“ Show us what you got different this time..?!”

The applicant should recognize this early and address these deficiencies in cognizant manner otherwise she/he will not bring anything new to the table the next time.., especially when we draw the comparison with the old app on file and the notes of evaluators!!

Obviously I am excluding out of this huge range of re-applicants: the very qualified late applicants/waitlisted..
all the way to the non qualified weak applicants..!
 

Faha

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This is what I wrote about this on May 9th:

- 31,749 applicants did not matriculate last year for all different reasons, almost 60%!
- 32% due to low MCAT scores, 18% low GPA and the rest for other reasons.
- Over 50% of non Matriculants did not apply next cycle or the next!
How many of those 50% who did not apply in the next 2 cycles matriculated at a DO school or Caribbean ? If they matriculated at either they would no longer have any reason to be in the applicant pool.
 
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Maimonides1

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How many of those 50% who did not apply in the next 2 cycles matriculated at a DO school or Caribbean ? If they matriculated at either they would no longer have any reason to be in the applicant pool.

It’s unclear for MD applicants data without further reports from AAMC..!!
So how about the complicated picture of DO and offshore Matriculants..??
 
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D

deleted804295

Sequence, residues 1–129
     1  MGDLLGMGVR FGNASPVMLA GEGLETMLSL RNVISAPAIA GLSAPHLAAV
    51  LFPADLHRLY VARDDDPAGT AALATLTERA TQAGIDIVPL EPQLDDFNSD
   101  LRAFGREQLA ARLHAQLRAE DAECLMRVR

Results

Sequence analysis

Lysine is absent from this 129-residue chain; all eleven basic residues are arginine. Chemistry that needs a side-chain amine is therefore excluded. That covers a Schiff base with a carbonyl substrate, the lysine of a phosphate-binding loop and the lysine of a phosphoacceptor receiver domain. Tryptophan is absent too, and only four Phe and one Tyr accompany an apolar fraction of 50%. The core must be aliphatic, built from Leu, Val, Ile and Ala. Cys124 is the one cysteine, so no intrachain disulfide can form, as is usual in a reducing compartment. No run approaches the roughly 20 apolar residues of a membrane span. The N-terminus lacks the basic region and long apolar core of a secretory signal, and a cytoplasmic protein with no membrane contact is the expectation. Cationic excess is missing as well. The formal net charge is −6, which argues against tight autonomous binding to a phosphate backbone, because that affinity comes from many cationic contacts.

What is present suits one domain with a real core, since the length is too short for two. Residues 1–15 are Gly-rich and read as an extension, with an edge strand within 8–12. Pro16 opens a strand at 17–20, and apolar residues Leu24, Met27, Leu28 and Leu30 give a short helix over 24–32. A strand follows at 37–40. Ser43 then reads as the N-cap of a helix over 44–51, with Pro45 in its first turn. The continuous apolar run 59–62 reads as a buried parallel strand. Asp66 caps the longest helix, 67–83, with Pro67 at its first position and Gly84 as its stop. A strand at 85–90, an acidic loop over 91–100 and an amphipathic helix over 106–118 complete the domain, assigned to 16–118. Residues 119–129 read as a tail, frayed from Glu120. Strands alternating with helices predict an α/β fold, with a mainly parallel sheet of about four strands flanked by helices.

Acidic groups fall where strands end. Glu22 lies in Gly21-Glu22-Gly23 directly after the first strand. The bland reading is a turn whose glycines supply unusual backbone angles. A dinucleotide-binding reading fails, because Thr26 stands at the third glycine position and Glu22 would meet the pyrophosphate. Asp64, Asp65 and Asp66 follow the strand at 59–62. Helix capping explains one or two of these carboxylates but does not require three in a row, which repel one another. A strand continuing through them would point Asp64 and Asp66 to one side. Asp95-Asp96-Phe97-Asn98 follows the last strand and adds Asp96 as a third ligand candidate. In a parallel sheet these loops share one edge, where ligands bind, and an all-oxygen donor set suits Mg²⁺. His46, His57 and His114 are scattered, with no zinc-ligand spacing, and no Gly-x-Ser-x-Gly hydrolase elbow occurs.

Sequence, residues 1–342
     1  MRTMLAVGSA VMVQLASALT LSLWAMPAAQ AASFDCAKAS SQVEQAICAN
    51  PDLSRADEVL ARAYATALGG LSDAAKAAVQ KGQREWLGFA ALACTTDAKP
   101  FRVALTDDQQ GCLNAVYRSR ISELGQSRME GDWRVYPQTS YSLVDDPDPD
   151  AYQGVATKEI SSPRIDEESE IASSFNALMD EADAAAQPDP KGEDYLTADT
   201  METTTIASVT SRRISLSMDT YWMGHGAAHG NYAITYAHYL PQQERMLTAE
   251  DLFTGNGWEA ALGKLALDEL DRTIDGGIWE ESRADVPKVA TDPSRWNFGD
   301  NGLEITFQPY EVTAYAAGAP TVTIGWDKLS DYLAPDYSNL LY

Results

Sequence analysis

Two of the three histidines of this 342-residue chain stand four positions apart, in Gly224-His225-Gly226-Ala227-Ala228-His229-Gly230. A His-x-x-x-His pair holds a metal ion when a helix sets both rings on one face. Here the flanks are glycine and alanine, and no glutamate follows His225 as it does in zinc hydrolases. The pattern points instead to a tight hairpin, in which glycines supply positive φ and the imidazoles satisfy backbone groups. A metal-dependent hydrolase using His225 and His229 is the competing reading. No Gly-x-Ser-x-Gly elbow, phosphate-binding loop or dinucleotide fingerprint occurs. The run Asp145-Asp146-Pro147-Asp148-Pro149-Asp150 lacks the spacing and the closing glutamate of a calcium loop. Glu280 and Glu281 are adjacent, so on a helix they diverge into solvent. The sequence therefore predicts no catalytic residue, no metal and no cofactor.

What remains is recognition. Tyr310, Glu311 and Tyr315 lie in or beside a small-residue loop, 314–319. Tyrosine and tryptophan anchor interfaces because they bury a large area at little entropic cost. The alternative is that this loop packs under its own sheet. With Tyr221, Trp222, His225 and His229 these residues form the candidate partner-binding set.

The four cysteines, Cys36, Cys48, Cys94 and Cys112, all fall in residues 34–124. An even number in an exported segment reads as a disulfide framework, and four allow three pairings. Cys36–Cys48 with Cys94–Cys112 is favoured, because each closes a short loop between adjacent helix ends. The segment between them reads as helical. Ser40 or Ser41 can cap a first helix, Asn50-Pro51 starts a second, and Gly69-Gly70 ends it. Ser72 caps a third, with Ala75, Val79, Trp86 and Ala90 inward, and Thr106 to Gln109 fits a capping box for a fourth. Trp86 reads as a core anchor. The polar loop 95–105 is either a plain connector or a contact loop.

Let's make some assumptions.
1) 43% of applicants get in on the first try.
2) 43% of unsuccessful applicants get in on the second try
3) 43% of previously unsuccessful applicants get in on the third try
4) All applicants make 2nd and 3rd attempts if previously unsuccessful.

At the end of 3 attempts per applicant, we'd have 22% of the original pool with no admission. You can play with those assumptions. If some people do not make a 2nd or 3rd attempt, then the proportion who eventually get in will be lower. If the pool of repeat applicants are more likely to be successful than the pool of first time applicants, then the proportion of never successful will be lower.

You can play around with the numbers and assumptions yourself. I'm not sure if anyone has ever looked at the data. AAMC certainly has it.
That's actually a really high acceptance rate. 78 are pretty high odds.

I wish all applicants who didn't get accepted during round 1 tried a second time
 

HopeP

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Without knowing all numbers, common sense suggests that reapplicants acceptance rate has to be lower than first time applicants, otherwise it defeats the purpose of gap year to become a first time applicant.